The world was young when clans were adopted into Haudenosaunee culture. While populations were small extended families were close and cousins were akin to brothers and sisters. As the population grew problems began to occur with families becoming distant as more and more villages were created. The social dynamic was changing and families were becoming more and more separated.

With the growing population came more deaths and as it was the custom for a family to grieve for a period of one year people were in constant mourning. The traditional ways were being lost as fewer people were performing the Four Sacred Rituals and elders, becoming concerned, decided to address the problem.
It was during one of the many meetings held to restore societal stability that a young man made a suggestion to follow the example of nature and divide themselves into groupings. He pointed out that there are many different species of birds, yet they are all still birds. Likewise, we can divide ourselves into families yet still be Haudenosaunee. Because of his wisdom the Elders named this man Rónikonhrowá:nen meaning “He who has great ideas”.

Rónikonhrowá:nen led the people to the river and throwing a grape vine across he instructed them to cross to the opposite bank. Halfway through the vine broke leaving half of the people on one side of the river and the rest on the other. Promising to return for the people on the one side of the river Rónikonhrowá:nen instructed the people with him to set up camp and pay close attention to their surroundings.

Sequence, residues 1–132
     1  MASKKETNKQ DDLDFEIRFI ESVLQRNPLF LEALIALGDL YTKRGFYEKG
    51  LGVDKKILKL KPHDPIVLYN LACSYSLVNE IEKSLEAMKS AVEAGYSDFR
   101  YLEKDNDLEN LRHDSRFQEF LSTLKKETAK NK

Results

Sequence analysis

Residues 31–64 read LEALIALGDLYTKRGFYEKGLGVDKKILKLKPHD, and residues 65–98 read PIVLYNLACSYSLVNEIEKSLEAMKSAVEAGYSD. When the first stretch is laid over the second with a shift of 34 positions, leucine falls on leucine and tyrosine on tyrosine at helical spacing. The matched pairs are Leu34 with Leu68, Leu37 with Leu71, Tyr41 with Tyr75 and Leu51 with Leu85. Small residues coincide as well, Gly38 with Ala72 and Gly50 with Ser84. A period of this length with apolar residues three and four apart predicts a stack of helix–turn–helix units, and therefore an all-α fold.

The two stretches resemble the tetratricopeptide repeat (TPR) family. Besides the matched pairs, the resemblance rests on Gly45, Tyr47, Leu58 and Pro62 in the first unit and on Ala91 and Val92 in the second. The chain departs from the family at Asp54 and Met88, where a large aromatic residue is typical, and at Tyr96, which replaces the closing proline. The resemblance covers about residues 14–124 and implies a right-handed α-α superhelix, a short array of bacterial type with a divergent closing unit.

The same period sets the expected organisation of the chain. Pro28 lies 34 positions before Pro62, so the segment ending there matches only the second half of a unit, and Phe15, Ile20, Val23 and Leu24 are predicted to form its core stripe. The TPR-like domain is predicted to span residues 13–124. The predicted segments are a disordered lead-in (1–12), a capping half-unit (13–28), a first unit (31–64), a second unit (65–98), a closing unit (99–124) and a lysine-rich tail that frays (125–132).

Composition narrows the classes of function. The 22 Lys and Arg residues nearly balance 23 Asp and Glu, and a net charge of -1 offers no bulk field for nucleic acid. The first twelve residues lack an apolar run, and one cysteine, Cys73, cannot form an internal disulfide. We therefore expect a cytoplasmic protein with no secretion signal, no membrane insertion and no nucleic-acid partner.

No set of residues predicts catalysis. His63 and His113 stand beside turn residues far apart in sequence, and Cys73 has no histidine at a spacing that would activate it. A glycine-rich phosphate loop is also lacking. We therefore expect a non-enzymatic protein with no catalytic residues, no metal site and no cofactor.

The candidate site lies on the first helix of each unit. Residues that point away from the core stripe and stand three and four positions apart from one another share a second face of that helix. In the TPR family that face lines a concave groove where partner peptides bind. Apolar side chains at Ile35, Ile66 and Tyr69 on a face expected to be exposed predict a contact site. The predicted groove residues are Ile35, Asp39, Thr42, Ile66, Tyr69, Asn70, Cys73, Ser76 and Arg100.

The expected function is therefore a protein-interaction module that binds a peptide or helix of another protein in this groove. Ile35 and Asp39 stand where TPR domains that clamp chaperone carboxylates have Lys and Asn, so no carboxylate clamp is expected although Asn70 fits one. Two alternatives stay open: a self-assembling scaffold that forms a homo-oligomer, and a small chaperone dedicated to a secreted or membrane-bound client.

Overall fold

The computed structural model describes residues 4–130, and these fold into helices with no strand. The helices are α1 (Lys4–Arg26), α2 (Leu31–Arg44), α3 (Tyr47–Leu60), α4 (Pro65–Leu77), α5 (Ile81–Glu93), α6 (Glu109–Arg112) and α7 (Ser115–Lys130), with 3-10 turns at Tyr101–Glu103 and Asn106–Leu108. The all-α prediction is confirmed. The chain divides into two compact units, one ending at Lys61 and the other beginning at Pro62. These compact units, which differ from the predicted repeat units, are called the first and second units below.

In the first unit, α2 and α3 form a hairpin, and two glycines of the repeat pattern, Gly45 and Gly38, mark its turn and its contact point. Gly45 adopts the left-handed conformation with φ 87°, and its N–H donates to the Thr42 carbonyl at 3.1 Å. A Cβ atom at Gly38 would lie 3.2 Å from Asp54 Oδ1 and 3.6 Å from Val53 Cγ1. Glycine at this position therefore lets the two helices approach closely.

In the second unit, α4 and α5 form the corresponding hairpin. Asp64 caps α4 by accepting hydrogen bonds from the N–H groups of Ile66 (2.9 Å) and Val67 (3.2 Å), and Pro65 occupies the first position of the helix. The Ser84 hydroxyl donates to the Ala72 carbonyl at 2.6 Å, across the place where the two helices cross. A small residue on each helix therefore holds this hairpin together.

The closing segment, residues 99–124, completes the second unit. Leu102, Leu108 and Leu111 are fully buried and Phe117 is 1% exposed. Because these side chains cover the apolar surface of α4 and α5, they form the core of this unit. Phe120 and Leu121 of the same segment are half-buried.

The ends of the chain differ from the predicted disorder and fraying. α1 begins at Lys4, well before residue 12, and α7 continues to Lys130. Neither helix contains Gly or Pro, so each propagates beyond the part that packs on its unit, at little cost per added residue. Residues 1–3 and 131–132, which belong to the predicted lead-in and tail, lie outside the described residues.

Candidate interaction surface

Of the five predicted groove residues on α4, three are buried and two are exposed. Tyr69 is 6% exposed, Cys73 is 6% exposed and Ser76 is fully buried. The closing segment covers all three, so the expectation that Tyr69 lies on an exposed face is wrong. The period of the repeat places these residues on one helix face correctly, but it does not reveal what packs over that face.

During the next few days after each of the eldest women woke and gave thanks to the creator they went to fetch water from the river. Each saw an animal at the river. The first saw a deer and Rónikonhrowá:nen told her that from then on her and her ancestors belonged to the deer clan. The others in turn saw a bear, a snipe and an eel making each of them members of that clan. Because they were all on the one side of the river they were united into one group or moiety to which they all belong.

The next morning Rónikonhrowá:nen returned to the people left on the other side of the river and instructed them as he had the first group. Like the others, upon giving thanks to the Creator the eldest women saw the animals that would represent their clans. In turn each saw their animal with the wolf being first followed by a beaver, a turtle, and a hawk. These would now belong to the wolf, beaver, turtle and hawk clans creating the second moiety.

With both groups separated into clans within the two moieties the system followed that if someone was to die from one moiety all the clans of that group would be in mourning while the members of the other moiety would perform all necessary duties.


Within the clans of the Haudenosaunee all leadership members hold equal powers and are accountable to everyone. The Clan Mother, usually the eldest woman in a clan, holds a leadership role and has the power to choose and depose a Chief. Taking into account all she knows about the candidate in his dealings throughout his life she decides who is a good fit to represent the clan. The Chief  is responsible for the welfare of his nation and represents the opinions and issues of all those concerned.

Within the system there is also a female and male Faith Keeper, both of whom are responsible for acting as spiritual guides for the people. The Faith Keepers are in charge of conducting seasonal ceremonies and the Four Sacred Rituals.
Though the Chief, Clan Mother  and Faith Keepers all have leadership roles they must work together to maintain a balance of power and they are all accountable to their clan.